Delta Waterfowl Is The Duck Hunters Organization
Posted on 04/10/2014
For immediate release
April 10, 2014
BISMARCK, N.D. — Delta Waterfowl continues to evolve to serve the needs of ducks and duck hunters across North America. President Frank Rohwer lays out organization’s strategic plan in the Spring Issue of Delta Waterfowl magazine.
“We recognize that ducks and duck hunters face a variety of challenges, from habitat loss, declining duck production, fewer new hunters, access issues and threats to our hunting heritage,” Rohwer said. “Delta Waterfowl is uniquely positioned to address the needs of ducks and duck hunters, both today and tomorrow.”
Ducks Today: Increasing Duck Production
Declining wetland and upland nesting habitat, coupled with high predation rates, reduces duck production. Nest success in many areas of the prairie breeding grounds is dismally low, often below 10 percent.
Delta Waterfowl is addressing this challenge by expanding the impact of duck production tools that our research has shown to be effective — in particular, predator management and Hen Houses. Delta’s programs using these tools have proven to be the most cost-effective methods to increase annual duck production. Delta’s programs allow duck hunters to directly support duck production — birds that will fly south this season.
Ducks Tomorrow: Enhancing Habitat for Ducks
Ducks can’t thrive or be as abundant as we would like without the proper habitat. The small wetlands and ample nesting cover on the breeding grounds and habitat elsewhere ducks visit on their annual cycle is the very foundation of our duck populations.
Delta has long recognized the best means of securing the habitat base for breeding ducks comes through public policy. The decisions made in Washington D.C. and Ottawa, as well as state and provincial capitals, drive land use, and thus, the habitat base for ducks. These actions by government, because of their sheer magnitude, continue to dwarf the efforts of the conservation community in direct habitat work.
Because of these realizations, Delta’s efforts for habitat and ducks tomorrow are focused on policy work. Delta’s Alternative Land Use Service vision continues to gain momentum in Canada, while our efforts in the United States to collaborate with agricultural leaders help ensure a strong habitat base and more ducks for tomorrow.
Duck Hunters Today: Creating and Safeguarding Opportunities
Area closures, access issues and regulations all impact hunters — in many instances, they stop hunters from enjoying time afield. Study after study has documented that quality access is the No. 1 issue for hunting participation. Yet rarely a week goes by when we don’t hear from our members and volunteers about a proposed restriction on access.
Delta Waterfowl is the voice of duck hunters in North America. Delta Waterfowl partners with hunters in communities across the United States and Canada to maintain access, often when local hunters had no other group in their corner. And Delta has been a leader on a host of issues ranging from scaup harvest regulations in the United States to eliminating the gun registry in Canada.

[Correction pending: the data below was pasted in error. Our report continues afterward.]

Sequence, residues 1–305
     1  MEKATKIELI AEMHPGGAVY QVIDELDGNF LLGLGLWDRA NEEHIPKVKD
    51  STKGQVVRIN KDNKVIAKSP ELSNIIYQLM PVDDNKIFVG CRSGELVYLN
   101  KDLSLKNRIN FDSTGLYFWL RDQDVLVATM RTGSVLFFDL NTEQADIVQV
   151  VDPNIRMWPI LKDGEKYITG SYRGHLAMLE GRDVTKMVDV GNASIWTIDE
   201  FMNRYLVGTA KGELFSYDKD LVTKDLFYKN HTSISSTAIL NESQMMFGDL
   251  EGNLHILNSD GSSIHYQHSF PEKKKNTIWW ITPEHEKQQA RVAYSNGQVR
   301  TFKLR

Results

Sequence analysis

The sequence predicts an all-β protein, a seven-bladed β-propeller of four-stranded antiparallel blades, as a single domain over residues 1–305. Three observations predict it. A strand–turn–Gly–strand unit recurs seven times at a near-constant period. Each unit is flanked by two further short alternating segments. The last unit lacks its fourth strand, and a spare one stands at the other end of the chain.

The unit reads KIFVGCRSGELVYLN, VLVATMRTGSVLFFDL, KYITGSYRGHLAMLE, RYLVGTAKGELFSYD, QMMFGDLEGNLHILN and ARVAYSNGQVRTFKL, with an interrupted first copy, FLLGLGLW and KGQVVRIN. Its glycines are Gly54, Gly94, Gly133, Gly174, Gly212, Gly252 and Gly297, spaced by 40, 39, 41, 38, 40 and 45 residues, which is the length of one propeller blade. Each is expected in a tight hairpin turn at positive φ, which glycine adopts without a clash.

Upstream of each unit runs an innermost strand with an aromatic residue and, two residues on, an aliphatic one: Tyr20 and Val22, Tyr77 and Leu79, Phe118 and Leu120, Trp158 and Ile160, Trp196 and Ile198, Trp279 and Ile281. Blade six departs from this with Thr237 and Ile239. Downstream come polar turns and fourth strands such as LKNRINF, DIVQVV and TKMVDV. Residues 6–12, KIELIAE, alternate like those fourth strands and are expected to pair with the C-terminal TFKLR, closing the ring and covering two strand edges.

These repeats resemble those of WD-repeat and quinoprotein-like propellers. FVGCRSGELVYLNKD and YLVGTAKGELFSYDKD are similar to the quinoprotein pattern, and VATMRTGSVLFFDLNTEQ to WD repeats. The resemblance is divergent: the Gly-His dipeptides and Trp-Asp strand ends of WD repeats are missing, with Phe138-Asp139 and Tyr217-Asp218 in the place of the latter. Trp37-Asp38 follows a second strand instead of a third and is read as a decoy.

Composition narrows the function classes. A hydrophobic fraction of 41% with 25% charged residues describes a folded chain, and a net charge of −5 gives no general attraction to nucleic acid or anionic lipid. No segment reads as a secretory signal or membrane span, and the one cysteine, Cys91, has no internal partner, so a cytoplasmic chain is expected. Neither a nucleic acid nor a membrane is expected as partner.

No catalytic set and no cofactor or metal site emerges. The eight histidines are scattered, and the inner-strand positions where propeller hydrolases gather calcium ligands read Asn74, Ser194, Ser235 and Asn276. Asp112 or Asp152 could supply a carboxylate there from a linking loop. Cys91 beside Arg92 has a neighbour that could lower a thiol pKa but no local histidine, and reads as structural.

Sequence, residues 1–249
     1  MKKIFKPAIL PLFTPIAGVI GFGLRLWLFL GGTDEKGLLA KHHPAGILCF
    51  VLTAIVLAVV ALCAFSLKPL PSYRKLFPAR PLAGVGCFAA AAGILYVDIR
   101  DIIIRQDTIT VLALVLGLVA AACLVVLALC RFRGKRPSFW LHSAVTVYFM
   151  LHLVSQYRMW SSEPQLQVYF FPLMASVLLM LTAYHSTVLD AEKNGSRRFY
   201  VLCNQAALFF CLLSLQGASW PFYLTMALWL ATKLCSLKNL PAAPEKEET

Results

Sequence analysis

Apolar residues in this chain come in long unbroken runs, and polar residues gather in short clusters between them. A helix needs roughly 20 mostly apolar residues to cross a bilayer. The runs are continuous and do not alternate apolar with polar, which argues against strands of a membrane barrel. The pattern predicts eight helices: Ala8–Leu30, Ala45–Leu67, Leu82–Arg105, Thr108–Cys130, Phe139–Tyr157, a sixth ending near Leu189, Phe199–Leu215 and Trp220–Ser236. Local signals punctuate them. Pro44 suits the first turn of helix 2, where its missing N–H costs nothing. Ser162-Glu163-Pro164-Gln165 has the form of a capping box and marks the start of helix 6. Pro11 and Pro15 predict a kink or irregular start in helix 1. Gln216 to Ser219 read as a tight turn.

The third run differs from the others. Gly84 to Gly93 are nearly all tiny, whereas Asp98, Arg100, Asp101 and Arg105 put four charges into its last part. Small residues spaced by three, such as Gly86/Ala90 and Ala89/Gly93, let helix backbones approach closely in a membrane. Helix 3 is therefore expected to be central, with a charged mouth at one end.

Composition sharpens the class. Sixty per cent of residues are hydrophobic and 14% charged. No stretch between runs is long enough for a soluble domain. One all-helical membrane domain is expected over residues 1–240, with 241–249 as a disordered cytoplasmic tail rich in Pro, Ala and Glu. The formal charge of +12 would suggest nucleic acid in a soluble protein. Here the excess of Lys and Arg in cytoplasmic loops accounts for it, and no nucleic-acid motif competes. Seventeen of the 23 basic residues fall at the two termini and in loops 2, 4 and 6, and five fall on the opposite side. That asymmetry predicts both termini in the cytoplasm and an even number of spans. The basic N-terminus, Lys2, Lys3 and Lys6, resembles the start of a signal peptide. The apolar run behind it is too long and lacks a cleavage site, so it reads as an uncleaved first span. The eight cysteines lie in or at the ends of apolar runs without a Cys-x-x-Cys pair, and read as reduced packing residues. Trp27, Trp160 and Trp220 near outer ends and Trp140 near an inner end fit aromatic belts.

Delta is resolve in its unflinching commitment to fight on every level — federal, state, provincial or local — in partnership with our chapters and members on any issue that threatens duck hunters today.
Duck Hunters Tomorrow: Recruiting Hunters
All of us want to see waterfowl hunting carry on for generations. Yet, with declining rates of hunting recruitment and participation, the long-term future for duck hunting is in question.
In 2001, Delta launched a mentored hunting program that morphed into today’s First Hunt program. First Hunt has become the largest waterfowl specific hunter recruitment program in North America. Delta’s program vision coupled with the dedication and hard work of our volunteer committees across the United States and Canada, ensures the next generation of duck hunters get a proper introduction to the duck blind. First Hunt participants are mentored by local volunteers, mentors who are passionate about duck hunting. The program provides skills, techniques, equipment, and access to opportunities to hunt ducks and geese.
By instilling and sharing the knowledge and traditions of waterfowling with thousands of people annually through grassroots recruitment efforts, Delta strives to ensure a bright future for duck hunters tomorrow.
Delta’s Plan is Your Plan
Delta Waterfowl’s new strategic plan is built upon our historic organizational strengths, but organized around the key needs of duck hunters. This work, coupled with our legendary capacity as a research organization, ensures Delta’s mission and programs are built around the right efforts to address the most pressing needs of ducks and duck hunters.
“We are charting a course based on these very real needs and these program solutions,” Rohwer said. “With a clear, well-articulated plan, Delta’s success in securing the future of ducks and duck hunting is a lofty, but attainable goal. Hunter support is a critical to Delta Waterfowl. As The Duck Hunters Organization, we are on a path to ensure the betterment of ducks and duck hunting, both today and well into the future.”
For more information, contact John Devney (888) 987-3695 ext. 218, or firstname.lastname@example.org.
Delta Waterfowl Foundation is a leading North American waterfowl conservation organization, tracing its origins to the birth of the wildlife conservation movement in 1911. Visit www.deltawaterfowl.org.